Samantha Ling (lingtm) wrote,
Samantha Ling
lingtm

A Stranger to Command Review

So for Chris' little sister's bday, I managed to get an advanced reader copy of Sherwood Smith's new book by Norilana. (It's good to have friends in the writing industry!) Of course, KT blew through the book and wrote a review for it. Here it is!

In her newest book, A Stranger to Command, Sherwood Smith effectively links her Crown Duel characters to the Marloven warrior society of her Inda series. The story centers around Crown Duel character Vindanric, the Marquis of Shevraeth, who has been sent to study at the academy in Marloven Hess in order to escape the oh-so-convenient accidents that occur to any potential threat to the corrupt King Galdran. The storyline takes advantage of the odd couple pairing of the elegant, refined courtier Shevraeth with the often brutal warrior world of the Marlovens. As Shevraeth begins his warrior education, he must adjust his previous ideas of what is barbaric and what is civilized, adapt to the ways of a new culture and manage his ways around unwritten, ‘invisible’ rules. The books flows with an easy, effortless pace that belies the ambitious sweep of the storyline (Shevraeth’s entire teenage years are dealt with), in much the same manner as Smith’s Inda series. Unlike the Inda series, however, the focus is less on the broader political perspective and more on Shevraeth’s development as an individual. As a result, the storyline sticks closely to the smaller events of Shevraeth’s day to day life. This focus becomes frustrating at times, such as the moment when the Marloven political story line is left unresolved at a key moment in favor of following Shevraeth on his travels instead. But overall, fans of Smith’s other works will no doubt enjoy another glimpse into her detailed world. As is the case with her Inda series, A Stranger to Command reveals an intricate, deeper history beyond the main characters, which gives the story a realistic heft to it. The immediate story is rooted in a greater chronology that weaves in and out of Shevraeth’s struggles to fit in and ultimately to learn command.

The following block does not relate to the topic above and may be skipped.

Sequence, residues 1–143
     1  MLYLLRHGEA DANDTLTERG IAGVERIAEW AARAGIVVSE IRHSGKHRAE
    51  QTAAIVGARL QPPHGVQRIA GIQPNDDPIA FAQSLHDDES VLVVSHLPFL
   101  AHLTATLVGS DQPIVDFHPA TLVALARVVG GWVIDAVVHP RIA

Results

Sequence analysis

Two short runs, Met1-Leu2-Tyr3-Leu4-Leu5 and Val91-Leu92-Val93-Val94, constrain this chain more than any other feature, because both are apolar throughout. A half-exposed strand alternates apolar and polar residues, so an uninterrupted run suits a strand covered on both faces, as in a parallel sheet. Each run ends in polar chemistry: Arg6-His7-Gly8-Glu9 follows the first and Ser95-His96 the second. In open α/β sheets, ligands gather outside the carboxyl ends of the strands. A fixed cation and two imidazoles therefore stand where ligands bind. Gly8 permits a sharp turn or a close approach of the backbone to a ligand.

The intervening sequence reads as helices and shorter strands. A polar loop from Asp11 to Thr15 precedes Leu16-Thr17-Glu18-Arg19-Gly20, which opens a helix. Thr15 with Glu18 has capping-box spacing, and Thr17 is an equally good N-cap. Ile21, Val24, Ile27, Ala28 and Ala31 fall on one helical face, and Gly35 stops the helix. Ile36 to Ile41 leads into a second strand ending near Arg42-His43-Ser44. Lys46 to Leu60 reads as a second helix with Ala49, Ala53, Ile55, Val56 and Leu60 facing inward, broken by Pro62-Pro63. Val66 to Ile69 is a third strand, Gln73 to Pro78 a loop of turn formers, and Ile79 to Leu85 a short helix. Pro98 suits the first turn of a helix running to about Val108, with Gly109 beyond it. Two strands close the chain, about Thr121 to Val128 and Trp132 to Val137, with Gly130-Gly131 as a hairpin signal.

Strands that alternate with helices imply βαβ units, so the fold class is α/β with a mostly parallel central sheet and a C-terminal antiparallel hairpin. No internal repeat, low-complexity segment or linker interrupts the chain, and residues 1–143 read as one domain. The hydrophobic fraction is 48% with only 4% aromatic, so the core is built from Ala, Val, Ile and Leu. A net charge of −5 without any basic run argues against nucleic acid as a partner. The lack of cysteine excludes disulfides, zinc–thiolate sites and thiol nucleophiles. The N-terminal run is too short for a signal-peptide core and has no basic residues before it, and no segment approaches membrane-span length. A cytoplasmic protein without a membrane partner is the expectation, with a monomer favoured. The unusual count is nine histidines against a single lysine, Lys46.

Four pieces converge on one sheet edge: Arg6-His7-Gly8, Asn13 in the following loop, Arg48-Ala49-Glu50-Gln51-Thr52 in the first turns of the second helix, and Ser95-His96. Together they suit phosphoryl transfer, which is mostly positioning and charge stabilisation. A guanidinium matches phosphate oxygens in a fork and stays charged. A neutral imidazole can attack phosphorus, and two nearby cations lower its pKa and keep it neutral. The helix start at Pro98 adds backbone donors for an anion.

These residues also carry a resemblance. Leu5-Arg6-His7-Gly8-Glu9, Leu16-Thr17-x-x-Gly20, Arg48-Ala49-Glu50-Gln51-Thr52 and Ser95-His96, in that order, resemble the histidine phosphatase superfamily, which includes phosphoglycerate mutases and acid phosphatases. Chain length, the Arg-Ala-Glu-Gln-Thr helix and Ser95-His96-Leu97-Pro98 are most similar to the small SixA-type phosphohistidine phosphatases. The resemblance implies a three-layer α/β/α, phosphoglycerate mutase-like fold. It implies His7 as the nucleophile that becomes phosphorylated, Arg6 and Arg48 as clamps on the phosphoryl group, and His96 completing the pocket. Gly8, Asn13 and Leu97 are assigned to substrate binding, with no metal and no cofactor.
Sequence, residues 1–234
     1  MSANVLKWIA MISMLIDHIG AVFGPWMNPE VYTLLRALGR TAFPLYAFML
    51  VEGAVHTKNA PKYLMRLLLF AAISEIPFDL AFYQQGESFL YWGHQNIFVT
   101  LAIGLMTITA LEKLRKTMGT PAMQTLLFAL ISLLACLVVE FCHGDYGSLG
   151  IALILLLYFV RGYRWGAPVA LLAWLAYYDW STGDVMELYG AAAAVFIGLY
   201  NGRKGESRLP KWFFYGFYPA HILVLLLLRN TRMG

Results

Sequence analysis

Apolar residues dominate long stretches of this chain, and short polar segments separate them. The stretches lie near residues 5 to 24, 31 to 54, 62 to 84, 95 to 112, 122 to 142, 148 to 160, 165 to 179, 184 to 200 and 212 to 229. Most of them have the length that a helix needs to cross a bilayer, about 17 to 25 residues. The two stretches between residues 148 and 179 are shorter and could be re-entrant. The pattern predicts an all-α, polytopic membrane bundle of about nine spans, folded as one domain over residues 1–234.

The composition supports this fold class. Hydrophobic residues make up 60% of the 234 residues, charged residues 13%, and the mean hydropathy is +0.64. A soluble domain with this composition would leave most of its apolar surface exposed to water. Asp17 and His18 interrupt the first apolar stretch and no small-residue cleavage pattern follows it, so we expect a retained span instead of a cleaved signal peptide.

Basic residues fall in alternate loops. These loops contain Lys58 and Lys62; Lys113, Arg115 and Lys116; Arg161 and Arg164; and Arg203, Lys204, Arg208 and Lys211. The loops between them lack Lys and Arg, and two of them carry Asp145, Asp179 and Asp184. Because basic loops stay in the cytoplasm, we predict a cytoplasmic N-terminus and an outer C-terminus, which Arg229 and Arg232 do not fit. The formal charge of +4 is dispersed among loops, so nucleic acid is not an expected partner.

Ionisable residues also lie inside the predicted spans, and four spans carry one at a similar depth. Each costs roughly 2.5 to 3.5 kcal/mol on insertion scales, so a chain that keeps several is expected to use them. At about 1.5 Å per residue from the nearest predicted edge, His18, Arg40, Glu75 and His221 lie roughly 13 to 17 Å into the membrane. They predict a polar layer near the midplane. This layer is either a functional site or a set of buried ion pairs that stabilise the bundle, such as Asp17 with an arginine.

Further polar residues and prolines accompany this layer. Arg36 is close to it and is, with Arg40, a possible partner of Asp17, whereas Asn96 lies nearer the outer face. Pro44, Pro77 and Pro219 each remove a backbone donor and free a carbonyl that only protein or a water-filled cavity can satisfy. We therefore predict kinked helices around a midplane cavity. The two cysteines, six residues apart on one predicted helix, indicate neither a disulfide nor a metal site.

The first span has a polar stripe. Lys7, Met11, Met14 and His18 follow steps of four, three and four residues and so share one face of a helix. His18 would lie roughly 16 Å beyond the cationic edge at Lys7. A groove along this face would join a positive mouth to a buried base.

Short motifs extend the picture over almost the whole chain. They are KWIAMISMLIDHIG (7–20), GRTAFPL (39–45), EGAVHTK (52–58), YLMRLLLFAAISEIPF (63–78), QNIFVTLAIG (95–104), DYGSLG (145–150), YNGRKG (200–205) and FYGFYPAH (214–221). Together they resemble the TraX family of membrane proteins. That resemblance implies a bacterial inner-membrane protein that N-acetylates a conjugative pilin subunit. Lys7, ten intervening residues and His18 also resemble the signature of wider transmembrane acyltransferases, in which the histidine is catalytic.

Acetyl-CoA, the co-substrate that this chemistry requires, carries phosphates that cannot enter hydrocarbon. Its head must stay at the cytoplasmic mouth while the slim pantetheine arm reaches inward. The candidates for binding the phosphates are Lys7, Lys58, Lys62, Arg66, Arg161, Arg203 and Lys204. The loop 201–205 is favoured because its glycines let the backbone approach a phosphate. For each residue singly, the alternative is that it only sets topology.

As usual, Smith excels in deftly creating fully realized characters. The boy king Senrid makes tantalizingly quick appearances periodically throughout the novel, providing glimpses of Senrid’s violent past (detailed more fully in another book), giving a greater sense of depth to this preciously intelligent boy who is also capable of all too real jealousy. Another standout character is Senelac, Shevraeth’s first love. Senelac is a prickly, bracingly realistic young woman who defies the usual stereotypes of a damsel in distress. She loves Shevraeth, but is afraid that he will leave her, so she does her best to keep a safe distance from becoming emotionally involved with him. As for Shevraeth, he finally gets a chance to come out from behind the blank-face court mask to reveal a wonderfully human, intelligent, and ever-questioning person. As he struggles to maintain command over the younger boys while maintaining his sense of pity and kindness, he becomes a truly noble character, and a worthy hero. Fans of Smith’s Inda books will love another look at the Marloven’s fierce military society, which functions as both a strength and a weakness, while Crown Duel readers will be interested to see how the story behind the Marquis de Shevraeth.
Tags: books
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